Implications include developing materials that both detect and kill biological agents
University of Pittsburgh researchers have synthesized a simple molecule that not only produces perfectly uniform, self-assembled nanotubes but creates what they report as the first "nanocarpet," whereby these nanotubes organize themselves into an expanse of upright clusters that when magnified a million times resemble the fibers of a shag rug. Moreover, unlike other nanotube structures, these tubes display sensitivity to different agents by changing color and can be trained to kill bacteria, such as E. coli, with just a jab to its cell membrane.
How a mere single-step synthesis of a hydrocarbon and a simple salt compound produced these unique nanotube structures with antimicrobial capability is described in a paper posted on the Web site for the Journal of the American Chemical Society. The findings have implications for developing products that can simultaneously detect and kill biological weapons.
"In these nanotube structures, we have created a material that has the ability to sense their environment. The work is an outgrowth of our interest in developing materials that both sense and decontaminate chemical or biological weapons," said senior author Alan J. Russell, Ph.D., professor of surgery at the University of Pittsburgh School of Medicine and director of the university's McGowan Institute for Regenerative Medicine.
The research, funded by the Department of Defense's Army Research Office, has as its goal the development of a paint that in the event of biological or chemical agents being deployed would change color and simultaneously destroy the deadly substances.
The researchers thought that by combining a chemical structure called a quarternary ammonium salt group, known for its ability to disrupt cell membranes and cause cell death, with a hydrocarbon diacetylene, which can change colors when appropriately formulated, the resulting molecule would have the desired properties of both biosensor and biocide. Remarkably, in addition to being able to kill cells, the resulting reaction mixture had the ability to self assemble into beautiful nanotubes of uniform structure. After searching for what was forming the tubes, the researchers discovered that synthesis of a secondary salt and diacetylene, thereby creating a lipid molecule, also resulted in production of absolutely pure self-assembling nanotubes, all having the same diameter (89 nanometers) and wall thickness (27 nanometers). By comparison, a human hair is about 1,000 times wider.
When dried from water and other solvents, and under magnification, these nanostructures look much like a heaping serving of Kraft macaroni or ziti pasta. Incredibly, when coaxed with simple processing, the tubes align into the more formal pattern of a nanocarpet. Just like any rug, a backing, also self-assembled from the same material, holds it all together. The nanocarpet measures about one micrometer in height, approximately the same height as the free-form nanotubes.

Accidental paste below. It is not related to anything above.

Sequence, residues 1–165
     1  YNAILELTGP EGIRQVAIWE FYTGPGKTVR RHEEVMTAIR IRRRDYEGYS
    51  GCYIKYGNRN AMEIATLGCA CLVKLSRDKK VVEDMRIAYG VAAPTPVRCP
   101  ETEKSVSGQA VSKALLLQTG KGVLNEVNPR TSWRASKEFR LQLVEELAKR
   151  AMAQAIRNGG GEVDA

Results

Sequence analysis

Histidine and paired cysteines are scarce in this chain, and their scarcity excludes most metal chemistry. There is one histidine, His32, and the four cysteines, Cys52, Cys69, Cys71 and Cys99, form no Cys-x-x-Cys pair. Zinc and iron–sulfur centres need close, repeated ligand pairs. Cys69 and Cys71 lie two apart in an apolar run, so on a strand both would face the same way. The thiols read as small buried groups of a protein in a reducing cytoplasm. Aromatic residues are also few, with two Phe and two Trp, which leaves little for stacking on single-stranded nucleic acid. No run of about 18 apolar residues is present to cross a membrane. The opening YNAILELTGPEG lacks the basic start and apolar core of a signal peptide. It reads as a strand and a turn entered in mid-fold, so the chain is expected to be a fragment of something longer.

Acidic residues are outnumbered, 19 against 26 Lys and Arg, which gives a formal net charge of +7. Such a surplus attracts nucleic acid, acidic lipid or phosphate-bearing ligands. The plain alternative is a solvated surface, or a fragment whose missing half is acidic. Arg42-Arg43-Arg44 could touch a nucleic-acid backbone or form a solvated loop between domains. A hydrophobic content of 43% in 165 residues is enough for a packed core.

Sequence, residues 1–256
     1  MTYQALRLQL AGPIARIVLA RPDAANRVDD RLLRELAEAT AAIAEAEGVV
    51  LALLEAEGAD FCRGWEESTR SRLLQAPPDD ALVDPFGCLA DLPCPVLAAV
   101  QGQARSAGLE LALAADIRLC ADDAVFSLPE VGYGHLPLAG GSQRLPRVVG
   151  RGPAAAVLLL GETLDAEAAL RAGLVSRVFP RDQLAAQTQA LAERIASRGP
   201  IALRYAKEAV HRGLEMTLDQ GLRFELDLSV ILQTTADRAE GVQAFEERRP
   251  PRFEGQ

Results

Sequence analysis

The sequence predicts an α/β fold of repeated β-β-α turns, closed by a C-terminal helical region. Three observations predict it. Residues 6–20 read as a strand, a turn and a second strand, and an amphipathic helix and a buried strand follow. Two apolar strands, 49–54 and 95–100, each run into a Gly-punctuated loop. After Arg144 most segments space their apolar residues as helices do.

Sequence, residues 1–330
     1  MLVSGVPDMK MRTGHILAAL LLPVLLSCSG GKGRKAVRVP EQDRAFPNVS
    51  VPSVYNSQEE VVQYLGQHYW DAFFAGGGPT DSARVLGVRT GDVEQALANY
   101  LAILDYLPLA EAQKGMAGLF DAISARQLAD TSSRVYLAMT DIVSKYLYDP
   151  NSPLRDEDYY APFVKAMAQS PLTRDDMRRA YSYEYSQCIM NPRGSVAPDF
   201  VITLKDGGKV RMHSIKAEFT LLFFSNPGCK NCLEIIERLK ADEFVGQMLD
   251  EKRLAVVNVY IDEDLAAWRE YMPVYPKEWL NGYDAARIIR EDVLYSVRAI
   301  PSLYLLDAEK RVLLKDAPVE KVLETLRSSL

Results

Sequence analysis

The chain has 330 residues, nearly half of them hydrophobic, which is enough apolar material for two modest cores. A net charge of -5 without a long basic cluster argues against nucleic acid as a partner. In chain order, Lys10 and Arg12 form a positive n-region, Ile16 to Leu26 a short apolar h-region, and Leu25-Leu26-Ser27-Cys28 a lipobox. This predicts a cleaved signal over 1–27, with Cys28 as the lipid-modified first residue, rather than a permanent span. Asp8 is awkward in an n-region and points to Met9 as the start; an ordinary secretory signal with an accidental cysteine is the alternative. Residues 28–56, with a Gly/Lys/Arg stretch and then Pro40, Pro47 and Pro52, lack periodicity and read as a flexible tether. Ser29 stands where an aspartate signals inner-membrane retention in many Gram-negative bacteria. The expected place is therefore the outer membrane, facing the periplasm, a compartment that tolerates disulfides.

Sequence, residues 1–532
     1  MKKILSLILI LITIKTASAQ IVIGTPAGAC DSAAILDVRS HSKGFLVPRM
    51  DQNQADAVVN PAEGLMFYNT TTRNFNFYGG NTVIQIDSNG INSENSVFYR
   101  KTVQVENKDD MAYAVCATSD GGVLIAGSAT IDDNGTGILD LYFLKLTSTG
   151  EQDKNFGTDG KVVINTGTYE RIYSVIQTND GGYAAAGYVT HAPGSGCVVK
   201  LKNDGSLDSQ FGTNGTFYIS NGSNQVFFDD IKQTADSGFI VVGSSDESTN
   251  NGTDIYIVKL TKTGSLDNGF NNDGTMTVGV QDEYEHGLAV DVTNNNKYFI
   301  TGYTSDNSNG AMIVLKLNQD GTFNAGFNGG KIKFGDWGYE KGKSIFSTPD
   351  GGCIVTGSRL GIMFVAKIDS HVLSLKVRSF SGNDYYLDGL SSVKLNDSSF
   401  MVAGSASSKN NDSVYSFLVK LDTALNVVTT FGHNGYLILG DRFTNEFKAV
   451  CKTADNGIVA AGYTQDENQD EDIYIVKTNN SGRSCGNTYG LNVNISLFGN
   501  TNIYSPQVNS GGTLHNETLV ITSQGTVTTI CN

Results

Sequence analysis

"This alignment of nanotubes in the absence of a template is an accomplishment that has eluded researchers," said Dr. Russell, who also is a professor of chemical and bioengineering at the University of Pittsburgh School of Engineering.
"To our knowledge, the remarkable self-assembly of this inexpensive and simple lipid is unprecedented and represents an important step toward rational design of bioactive nanostructures. In addition, because they form within hours under room-temperature conditions, the significant costs of synthesizing carbon nanotubes can be reduced," explained Sang Beom Lee, Ph.D., research assistant professor of bioengineering in the School of Engineering, who is listed as first author.
To test the nanostructure's potential as a biosensor and antimicrobial, the authors conducted studies using the water-based nanotubes. Normally a neutral color, when exposed to ultraviolet light the nanotubes changed to a permanent deep blue. The process also chemically altered the nanotubes so that they became polymerized, giving them a more firm structure. Polymerized, these nanotubes could change from blue to other colors, depending on its exposure to different materials. For instance, in tests with acids and detergents, they turned red or yellow.
The most critical tests, say the researchers, were those involving E. coli, which were conducted to assess the material's interactions with living cells. In the presence of E. coli, some strains of which are food-borne pathogens, the nanotubes turned shades of red and pink. Moreover, with the aid of an electron microscope, the researchers observed the tubes piercing the membranes of the bacteria like a needle being inserted into the cell. Both the polymerized (those that can change color) and the unpolymerized nanotube structures were effective antimicrobials, completely killing all the E. coli within an hour's time.
"We are very encouraged by these results and we will be continuing our investigations of this novel material in collaboration with our colleagues here at the University of Pittsburgh and the U.S. Army Research Office," added Dr. Russell.
Source: University of Pittsburgh Medical Center
Explore further: Understanding the source of extra-large capacities in promising Li-ion battery electrodes